I was introduced to a profound statement by William Temple many a year ago that has guided my reflections on worship.
“Both for perplexity and dulled conscience the remedy is the same: sincere and spiritual worship. For worship is the submission of all our nature to God. It is the quickening of conscience by his holiness, the nourishment of mind with his truth, the purifying of the imagination by his beauty, the opening of the heart to his love, the surrender of the will to his purpose … and all of this gathered up into adoration, the most selfless emotion of which our nature is capable…”

These words have set the gold standard by which to measure what is meant when we use the noun to define worship and the verb to refer to the act of worship.

The submission of all our nature and the integration of all our life into adoration and self-giving love describes a deep rootedness of mind and soul in the love of God.

Temple (1881-1944) was far too alert to the social and moral problems of society and church in his day as well as the dangers and tensions of national and international politics to ever be described as “other-worldly,” vaguely mystical or naive about human capacities for evil and destructive purposes.

Author of several books, including “Christianity and the Social Order” (1942), Temple contributed much to Anglican moral theology and social teachings.

He served as Archbishop of York (1929-42) and Archbishop of Canterbury (1942-44), and in 1942 jointly founded, with Chief Rabbi Joseph Hertz, the Council of Christians and Jews to combat anti-Semitism and Jewish persecution.

What I find interesting and enduring in his words quoted above, is that they still identify the deficit of life meaning and the dissolving of moral imperatives that contribute decisively to our 21st-century malaise.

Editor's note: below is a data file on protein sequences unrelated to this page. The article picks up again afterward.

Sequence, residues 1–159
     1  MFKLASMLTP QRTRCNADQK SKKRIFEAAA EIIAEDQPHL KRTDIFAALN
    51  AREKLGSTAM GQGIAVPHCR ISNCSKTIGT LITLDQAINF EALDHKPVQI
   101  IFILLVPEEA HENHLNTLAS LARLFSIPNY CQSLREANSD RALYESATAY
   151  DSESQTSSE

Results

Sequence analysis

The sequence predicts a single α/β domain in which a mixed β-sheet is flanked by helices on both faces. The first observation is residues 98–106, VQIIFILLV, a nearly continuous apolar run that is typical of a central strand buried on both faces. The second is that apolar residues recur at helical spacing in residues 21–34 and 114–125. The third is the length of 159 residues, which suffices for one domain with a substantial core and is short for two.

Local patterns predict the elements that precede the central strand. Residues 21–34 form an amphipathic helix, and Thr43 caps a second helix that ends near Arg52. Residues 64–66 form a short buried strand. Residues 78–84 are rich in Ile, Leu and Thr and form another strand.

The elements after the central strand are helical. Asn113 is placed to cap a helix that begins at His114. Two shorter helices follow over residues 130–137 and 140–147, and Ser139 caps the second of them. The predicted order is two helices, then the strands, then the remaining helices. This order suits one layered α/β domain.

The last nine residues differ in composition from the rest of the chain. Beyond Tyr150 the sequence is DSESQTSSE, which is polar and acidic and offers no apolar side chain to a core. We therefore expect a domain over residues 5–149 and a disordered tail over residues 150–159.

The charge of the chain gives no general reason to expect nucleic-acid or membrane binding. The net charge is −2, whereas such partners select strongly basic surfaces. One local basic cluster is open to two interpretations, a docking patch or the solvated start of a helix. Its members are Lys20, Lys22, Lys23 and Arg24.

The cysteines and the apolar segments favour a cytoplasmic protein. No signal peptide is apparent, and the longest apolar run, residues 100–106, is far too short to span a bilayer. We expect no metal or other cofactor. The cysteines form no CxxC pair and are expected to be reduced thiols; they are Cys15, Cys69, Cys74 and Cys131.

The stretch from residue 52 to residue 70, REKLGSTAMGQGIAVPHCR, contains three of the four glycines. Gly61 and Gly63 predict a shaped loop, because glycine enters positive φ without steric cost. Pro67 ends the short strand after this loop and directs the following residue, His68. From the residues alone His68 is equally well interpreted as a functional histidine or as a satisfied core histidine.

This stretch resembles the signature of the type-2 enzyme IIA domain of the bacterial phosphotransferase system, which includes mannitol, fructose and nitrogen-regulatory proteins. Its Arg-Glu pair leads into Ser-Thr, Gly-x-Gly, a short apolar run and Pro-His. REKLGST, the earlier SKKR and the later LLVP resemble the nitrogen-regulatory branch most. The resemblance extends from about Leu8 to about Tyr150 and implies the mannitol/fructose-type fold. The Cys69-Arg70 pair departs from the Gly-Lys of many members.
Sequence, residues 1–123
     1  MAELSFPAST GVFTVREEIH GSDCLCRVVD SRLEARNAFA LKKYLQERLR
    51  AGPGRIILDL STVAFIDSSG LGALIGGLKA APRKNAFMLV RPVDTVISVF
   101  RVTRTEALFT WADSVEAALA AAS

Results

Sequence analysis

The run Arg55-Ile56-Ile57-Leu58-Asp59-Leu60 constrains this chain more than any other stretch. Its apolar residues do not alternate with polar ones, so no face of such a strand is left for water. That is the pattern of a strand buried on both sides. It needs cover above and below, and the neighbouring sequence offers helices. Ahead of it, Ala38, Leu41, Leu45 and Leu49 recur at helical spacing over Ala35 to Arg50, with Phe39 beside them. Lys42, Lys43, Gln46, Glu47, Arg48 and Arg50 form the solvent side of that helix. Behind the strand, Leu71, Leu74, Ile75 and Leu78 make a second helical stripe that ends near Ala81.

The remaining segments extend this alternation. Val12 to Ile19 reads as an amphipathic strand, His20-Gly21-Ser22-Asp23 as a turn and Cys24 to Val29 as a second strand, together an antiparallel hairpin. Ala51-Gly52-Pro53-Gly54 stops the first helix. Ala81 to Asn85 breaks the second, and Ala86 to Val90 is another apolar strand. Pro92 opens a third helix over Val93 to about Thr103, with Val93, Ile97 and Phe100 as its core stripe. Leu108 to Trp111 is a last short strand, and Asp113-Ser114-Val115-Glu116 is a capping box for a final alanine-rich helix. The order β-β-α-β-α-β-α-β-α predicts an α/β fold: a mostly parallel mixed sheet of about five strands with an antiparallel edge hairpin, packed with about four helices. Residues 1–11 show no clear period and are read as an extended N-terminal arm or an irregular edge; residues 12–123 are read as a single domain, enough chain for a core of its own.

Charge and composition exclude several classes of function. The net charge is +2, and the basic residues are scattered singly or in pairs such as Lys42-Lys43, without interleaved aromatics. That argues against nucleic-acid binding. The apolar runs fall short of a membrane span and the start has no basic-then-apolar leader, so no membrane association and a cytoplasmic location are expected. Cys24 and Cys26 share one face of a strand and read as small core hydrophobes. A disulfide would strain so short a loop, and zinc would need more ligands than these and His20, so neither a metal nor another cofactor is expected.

“Readings in John’s Gospel,” in which the statement appears, is a two-volume series of meditations written between 1939 and completed in 1945—precisely the years when the world was confronted by dictators who demanded obedience of conscience, mind, imagination, heart and will, and ultimately self-sacrifice in the name of the human will to power.

These words of Temple are much more than a prose poem for devotional souls; they provide a set of criteria as specific as a barcode that enables us to critique and unmask those lesser, life diminishing, penultimate goals of human life too often presented to us as life’s ultimates.

Conscience, mind, imagination, emotion and will are precisely those aspects of our humanity that require us to be dedicated to recognizing, cherishing, healing, loving and enabling to flourish the very humanity in which such remarkable capacities exist.

A Christian anthropology is open eyed about human sinfulness and open hearted to the grace that renews, restores, enables and recreates the image of God in us.

Temple knew this, as evidenced by the rest of the quotation, which balances the urgency of worship with the realism about human waywardness and a distorted sense of our own importance:

“… and all of this gathered up in adoration, the most selfless emotion of which our nature is capable, and therefore the chief remedy of that self-centeredness, which is our original sin and the source of all actual sin.”

I wonder if a key part of the church’s mission today is to demonstrate attractively, enact convincingly, perform persuasively, live credibly and witness faithfully by worship, which has the height, depth and length and breadth of the love of God—that immense gracious love drawing from us an answering adoration that distills into a new and radical discipleship.

James Gordon recently retired as principal of the Scottish Baptist College. He continues to lecture there in church history and systematic theology. A version of this article first appeared on his blog, Living Wittily, and is used with permission.

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